Everyone always gets so carried away with the bride,what about the groom’s?
I always ask my couples to get ready at the same location.I like to go back and forth between the guys and gals to get both sides of the story.
The brides room is usually chaotic,a mess,full of emotion,makeup,hair spray,chocolate, and mimosas everywhere. The contrast when you put the two together is hilarious. The guys are just hanging out and having a good time with their buddies. The only stress they have is how to pin on the boutonniere ,.
I always ask my couples separately “What is the most important moment to you” 90% of brides will say “When he sees me coming down the isle”When I ask the guys the same question most will say,”the first time I see her coming down the isle as my bride”
I always make sure I get this shot,I am usually shooting behind the bride and her Dad focusing on the grooms reaction between the shoulders of the bride and her Dad/Mom or whoever is walking her down the Isle. I have a student/apprentice have another camera focused on the groom from another angle, I teach my student (this is usually their first lesson on capturing emotion) do not turn around keep you focus on the groom at all times, you will know when he see’s her and I want a series of shots. Its very rare that a groom will not show any emotion , the most beautiful shot to me is when the groom cries. Guys try so hard to hold in their feelings.It is an amazing moment/
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One of the most common mistakes an amateur/novice photographer makes is to take the majority of their photos standing up with the camera held near chest or eye level. Although this is the most comfortable/natural orientation it’s not the one that is going to yield impressive or unique photos. Everybody else is doing it and if you’re interested in taking photos that are going to impress an audience outside of friends and family it’s time to get down & dirty, climb, contort & twist your body all over the place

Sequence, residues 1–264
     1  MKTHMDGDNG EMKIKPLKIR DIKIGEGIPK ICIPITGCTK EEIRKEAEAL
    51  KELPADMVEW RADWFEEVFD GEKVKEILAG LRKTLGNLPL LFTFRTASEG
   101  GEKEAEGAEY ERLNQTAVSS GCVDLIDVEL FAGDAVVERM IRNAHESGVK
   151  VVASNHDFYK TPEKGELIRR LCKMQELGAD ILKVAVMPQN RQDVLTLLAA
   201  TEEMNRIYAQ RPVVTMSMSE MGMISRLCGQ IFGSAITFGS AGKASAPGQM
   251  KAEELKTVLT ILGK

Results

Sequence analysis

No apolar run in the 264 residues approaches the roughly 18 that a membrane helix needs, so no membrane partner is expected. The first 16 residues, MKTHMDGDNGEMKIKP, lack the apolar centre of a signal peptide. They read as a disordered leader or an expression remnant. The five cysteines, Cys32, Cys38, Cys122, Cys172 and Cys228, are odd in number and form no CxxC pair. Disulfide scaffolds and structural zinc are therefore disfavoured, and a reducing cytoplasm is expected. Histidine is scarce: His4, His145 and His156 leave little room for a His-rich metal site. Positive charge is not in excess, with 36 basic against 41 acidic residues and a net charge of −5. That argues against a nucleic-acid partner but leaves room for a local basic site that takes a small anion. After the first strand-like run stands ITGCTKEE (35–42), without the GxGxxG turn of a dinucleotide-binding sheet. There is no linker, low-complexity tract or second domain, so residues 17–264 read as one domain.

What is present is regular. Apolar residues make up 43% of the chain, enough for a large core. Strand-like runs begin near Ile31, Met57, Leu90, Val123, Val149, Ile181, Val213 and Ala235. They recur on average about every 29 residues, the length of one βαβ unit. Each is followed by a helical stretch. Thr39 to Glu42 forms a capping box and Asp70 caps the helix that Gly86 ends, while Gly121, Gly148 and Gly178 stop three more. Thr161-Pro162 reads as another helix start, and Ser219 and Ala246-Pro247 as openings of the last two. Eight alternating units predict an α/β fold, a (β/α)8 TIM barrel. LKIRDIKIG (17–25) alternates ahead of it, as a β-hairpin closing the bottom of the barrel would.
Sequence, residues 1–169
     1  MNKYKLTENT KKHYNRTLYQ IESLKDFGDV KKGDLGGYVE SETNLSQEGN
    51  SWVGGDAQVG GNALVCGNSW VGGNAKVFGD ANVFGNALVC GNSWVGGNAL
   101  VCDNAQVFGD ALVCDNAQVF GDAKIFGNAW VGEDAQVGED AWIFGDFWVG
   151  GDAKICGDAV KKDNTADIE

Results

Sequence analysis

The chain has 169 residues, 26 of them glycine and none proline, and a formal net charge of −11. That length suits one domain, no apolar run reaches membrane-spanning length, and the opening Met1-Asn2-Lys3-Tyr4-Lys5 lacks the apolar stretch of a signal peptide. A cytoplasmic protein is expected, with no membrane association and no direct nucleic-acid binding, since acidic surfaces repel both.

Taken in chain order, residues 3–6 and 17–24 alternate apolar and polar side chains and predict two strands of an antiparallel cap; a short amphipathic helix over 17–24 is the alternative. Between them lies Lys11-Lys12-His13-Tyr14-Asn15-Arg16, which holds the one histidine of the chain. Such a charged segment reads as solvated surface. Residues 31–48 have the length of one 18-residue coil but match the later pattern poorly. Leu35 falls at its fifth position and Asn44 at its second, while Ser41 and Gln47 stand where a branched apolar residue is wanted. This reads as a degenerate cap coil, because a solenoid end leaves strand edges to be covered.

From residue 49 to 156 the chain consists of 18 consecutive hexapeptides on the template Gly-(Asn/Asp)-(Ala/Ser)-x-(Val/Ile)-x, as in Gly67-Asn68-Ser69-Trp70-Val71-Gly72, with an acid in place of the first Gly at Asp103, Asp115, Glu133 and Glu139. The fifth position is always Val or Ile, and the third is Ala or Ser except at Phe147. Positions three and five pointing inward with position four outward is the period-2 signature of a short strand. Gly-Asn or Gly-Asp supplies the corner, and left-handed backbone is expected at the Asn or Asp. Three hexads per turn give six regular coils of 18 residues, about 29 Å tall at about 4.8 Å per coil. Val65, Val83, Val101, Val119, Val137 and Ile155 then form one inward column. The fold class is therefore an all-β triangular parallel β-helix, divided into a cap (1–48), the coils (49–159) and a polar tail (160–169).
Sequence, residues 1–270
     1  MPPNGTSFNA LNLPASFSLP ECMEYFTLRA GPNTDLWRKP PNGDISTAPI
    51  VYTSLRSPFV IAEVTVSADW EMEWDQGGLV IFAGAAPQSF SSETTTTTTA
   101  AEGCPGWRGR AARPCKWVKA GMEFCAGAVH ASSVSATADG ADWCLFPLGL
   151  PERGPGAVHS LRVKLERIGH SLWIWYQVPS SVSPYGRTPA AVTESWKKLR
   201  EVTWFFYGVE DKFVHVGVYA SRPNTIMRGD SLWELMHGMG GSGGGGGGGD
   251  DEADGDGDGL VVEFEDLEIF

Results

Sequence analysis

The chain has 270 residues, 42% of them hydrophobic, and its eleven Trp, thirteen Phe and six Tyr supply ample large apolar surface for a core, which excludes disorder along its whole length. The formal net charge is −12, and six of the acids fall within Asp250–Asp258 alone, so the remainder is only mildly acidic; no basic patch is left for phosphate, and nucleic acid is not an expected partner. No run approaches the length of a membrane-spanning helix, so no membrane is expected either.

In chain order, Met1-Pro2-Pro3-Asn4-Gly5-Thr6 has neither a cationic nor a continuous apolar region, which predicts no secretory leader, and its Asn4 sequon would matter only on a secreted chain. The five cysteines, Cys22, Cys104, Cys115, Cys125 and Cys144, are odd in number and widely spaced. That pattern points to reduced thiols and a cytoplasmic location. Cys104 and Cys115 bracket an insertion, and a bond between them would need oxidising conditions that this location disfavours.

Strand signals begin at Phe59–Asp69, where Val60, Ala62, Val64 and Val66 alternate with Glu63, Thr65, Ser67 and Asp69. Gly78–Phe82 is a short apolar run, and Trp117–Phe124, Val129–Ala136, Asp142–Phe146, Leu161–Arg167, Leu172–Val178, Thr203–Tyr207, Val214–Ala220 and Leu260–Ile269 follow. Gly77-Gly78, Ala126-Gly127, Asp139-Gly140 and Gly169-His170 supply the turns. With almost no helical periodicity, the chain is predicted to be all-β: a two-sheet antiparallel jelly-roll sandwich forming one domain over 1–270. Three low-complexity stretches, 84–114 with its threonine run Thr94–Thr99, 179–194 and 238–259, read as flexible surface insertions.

1) Look Up / Look Down
As mentioned previously, taking photos from chest or eye level is what 90% of other photographers are already doing. Start noticing what’s going on up & down. You might notice a man shaving nearby an overhead window or a cute dog scurrying about at ground level. Try taking photos of somebody climbing up steep steps from an overhead perspective. The next time you take a portrait of somebody have them sit down and look up towards the sky or ceiling before taking their shot from an above perspective. Try capturing architecture or a statue from a close-up perspective pointing your camera upwards to capture a distinct or select element.
2) Climb a Mountain, ladder, tree or just some steps
One of the easiest ways to change your perspective is to shoot from a higher vantage point. In other words, be prepared to get physical and do a little exercise climbing a mountain, ladder, tree, or just some steps When shooting above and looking down it’s almost as if you have a bird’s eye perspective of what is going on below. From a higher vantage point you can take great shots of parades, crowds, traffic or scenic valley views. The rewards of doing this are that ‘many’ other photographers are simply too lazy to ‘climb’ something. This is a tip that can’t be underestimated: putting in a bit of grunt work
( A lesson for future brides and for wedding photographers )
As a Photojournalist for several newspapers, environmental portraits are a must.They tell a story. The photo below was the morning after hurricane George hit Key West.
Above a sign turned up side down,one of the weirdest things I have ever seen!
What exactly is an environmental portrait, how does it differ from a typical portrait?
An environmental portrait, also called a location portrait, uses a person’s surroundings to tell more about that person. Sometimes this environment is directly connected to who they are—it’s that person’s home, place of work or community. Other times the environment has little or no connection but helps create a mood that contributes to an understanding of that person.
Below an old Cuban man making hats out of psalm fronds in Key West Fl
“Thats What Fronds Are For”
Why do I prefer environmental portraits?
- they give context to the subject you’re photographing
- they give points of interest to shots (something you need to watch as you don’t want to distract from your subject too much)
- they help your subject relax
- they often give the viewer of your shots real insight into the personality and lifestyle of your subject